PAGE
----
Once about 9 years ago I issued a shutdown command to what I thought was my then E450 development machine. Turned out to be a live system, you can imagine the horror of a 15 minute downtime from powering off a live server. At the time we had a failover plan, it was just horrible though when I wondered why the E450 by my foot never turned off, and oh by the way, why is this alert annoying me!

Technology can be a tough lesson to learn in itself. Things change so rapidly and I don't believe there is the one definitive lesson to learn, I look at many experiences as a lesson learned, tough or not.

Advice to an up-and-comer:

1. Be honest with yourself. Do you really want to put "Cross Reference Anomaly Processing" in your resume when all you've really done is configure Snort without really understanding it. I'm often tasked to interview candidates here and when I see someone's resume filled with so much fluff, I often play the dumb role to amuse myself. I've asked what are supposed to be experts simple questions and have gotten "deer in headlights" looks when I ask them these questions. ... If you don't know something, doesn't mean you can't learn it.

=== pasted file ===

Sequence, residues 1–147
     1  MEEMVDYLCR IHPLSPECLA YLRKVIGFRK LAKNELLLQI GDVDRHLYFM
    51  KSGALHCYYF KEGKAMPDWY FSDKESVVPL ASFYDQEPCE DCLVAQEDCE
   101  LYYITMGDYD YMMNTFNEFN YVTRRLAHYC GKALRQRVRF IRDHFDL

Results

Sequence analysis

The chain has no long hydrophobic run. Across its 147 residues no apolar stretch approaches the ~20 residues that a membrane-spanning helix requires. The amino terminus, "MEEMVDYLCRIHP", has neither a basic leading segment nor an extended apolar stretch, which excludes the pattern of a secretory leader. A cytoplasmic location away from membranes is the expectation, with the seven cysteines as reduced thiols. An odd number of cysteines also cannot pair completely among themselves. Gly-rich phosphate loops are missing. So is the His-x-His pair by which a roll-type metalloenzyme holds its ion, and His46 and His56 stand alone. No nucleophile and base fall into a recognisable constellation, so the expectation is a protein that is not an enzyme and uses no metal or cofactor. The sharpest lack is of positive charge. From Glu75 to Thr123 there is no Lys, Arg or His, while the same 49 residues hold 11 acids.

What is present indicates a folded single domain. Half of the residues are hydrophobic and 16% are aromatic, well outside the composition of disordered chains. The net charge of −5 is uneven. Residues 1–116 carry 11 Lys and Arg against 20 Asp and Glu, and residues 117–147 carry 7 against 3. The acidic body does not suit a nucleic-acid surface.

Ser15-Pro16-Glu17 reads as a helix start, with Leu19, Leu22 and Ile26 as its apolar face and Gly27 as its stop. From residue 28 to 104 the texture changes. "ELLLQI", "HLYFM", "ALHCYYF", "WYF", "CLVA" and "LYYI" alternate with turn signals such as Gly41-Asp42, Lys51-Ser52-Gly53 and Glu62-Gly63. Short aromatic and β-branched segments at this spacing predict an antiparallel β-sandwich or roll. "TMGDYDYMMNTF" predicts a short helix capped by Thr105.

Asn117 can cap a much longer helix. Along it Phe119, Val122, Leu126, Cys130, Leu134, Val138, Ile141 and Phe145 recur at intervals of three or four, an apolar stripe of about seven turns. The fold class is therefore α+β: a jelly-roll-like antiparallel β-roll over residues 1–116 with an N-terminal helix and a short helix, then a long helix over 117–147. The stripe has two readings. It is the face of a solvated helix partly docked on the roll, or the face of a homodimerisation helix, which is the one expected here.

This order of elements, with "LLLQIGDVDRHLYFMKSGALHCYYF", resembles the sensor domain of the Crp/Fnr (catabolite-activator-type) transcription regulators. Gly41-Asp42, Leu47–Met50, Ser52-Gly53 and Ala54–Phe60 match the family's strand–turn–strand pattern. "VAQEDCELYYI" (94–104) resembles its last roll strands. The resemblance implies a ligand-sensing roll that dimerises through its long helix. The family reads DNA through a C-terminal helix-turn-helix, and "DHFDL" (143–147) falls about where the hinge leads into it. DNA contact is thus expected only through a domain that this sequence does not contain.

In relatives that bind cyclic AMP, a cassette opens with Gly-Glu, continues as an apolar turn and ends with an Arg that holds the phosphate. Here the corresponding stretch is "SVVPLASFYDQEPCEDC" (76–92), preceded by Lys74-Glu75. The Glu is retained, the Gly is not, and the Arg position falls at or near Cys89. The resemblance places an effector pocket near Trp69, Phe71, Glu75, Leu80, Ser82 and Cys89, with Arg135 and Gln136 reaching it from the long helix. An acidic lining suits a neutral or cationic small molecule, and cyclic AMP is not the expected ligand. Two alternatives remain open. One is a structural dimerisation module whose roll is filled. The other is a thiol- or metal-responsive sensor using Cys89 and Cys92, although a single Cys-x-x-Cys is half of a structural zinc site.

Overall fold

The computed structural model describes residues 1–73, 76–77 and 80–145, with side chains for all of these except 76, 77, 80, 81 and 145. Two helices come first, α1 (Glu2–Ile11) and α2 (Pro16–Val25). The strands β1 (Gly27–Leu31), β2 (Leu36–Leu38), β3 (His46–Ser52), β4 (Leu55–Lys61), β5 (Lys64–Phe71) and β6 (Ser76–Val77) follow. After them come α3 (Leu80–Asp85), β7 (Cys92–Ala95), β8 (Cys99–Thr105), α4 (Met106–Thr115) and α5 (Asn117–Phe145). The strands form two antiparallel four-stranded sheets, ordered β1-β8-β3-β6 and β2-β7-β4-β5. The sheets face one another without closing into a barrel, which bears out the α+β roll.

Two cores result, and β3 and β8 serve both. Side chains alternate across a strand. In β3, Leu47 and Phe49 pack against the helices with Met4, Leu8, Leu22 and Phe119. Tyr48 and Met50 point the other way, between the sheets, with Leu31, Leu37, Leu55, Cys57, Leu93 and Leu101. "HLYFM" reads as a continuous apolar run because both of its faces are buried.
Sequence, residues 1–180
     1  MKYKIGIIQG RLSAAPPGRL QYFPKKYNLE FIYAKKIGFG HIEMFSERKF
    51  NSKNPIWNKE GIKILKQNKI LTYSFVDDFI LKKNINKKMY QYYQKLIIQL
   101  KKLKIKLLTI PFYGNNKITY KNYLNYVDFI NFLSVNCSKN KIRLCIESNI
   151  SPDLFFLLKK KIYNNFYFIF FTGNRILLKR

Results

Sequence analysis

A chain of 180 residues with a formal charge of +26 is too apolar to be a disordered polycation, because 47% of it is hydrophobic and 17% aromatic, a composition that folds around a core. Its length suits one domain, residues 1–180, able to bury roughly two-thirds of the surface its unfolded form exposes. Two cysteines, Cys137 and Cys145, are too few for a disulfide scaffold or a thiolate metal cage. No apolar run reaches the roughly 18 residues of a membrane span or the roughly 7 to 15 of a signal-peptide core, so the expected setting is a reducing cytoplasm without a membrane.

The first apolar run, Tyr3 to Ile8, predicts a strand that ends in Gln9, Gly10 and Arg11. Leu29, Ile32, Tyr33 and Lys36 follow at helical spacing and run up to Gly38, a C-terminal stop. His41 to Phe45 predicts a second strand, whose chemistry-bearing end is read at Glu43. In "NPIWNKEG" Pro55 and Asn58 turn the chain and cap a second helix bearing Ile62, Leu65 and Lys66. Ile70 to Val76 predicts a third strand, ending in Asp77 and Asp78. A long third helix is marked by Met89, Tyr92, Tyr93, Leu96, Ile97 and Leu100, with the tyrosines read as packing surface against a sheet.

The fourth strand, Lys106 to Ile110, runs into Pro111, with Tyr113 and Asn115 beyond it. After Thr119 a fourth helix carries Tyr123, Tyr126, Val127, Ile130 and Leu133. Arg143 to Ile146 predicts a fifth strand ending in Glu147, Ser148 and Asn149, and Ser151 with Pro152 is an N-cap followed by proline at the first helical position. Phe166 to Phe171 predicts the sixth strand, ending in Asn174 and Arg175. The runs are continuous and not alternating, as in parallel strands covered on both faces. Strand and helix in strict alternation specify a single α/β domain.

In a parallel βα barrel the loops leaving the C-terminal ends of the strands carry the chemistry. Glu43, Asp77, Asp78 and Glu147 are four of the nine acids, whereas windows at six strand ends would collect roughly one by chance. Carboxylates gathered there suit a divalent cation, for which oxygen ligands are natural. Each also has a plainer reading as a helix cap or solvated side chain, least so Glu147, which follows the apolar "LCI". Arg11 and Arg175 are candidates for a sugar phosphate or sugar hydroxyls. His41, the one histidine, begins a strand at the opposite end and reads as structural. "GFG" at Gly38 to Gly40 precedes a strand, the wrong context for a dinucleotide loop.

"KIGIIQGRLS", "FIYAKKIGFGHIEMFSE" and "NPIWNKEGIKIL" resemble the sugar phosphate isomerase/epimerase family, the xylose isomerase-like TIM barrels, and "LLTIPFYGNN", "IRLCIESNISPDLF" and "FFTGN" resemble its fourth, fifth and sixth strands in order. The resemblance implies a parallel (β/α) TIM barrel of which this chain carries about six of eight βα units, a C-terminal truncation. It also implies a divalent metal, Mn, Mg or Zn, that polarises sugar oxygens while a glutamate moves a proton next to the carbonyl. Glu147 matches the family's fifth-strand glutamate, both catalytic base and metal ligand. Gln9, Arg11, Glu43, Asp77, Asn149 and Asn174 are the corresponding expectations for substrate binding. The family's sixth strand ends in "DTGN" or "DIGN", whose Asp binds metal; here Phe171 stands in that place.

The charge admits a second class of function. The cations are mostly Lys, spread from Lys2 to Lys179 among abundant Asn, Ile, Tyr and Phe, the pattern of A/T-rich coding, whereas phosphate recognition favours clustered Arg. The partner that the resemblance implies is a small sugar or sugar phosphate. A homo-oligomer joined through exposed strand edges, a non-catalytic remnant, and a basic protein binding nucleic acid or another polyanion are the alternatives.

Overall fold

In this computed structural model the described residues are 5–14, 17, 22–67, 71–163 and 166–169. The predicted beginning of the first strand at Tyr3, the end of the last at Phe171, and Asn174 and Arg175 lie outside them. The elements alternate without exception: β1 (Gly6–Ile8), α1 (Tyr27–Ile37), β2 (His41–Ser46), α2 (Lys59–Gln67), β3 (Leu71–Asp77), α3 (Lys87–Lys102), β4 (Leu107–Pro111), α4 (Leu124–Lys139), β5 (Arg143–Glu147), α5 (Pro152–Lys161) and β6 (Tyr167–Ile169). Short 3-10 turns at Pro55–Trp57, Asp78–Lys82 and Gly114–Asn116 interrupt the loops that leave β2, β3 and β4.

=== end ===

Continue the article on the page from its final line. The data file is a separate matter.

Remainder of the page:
2. You're never to young or old to learn something new. Take a moment every here and there to explore, try something different, learn something new. One of my colleagues is a great guy, he's from the old days of IBM and has an insanely "Beautiful Mind", he decided to come back into IT after retirement and is now learning VoIP security from the ground up. I applaud his effort and his desire to learn anything and everything he can.

3. Relax. A machine can only output what you input period. Take your time and think about things on a logical bare bones level. You'll eventually find the answer. Going at things with frustration, anger, will get you nowhere, you won't be able to think straight.

[Know someone who thinks their IT job is awesome? Introduce them to me at debperelman [at] gmail [dot] com.]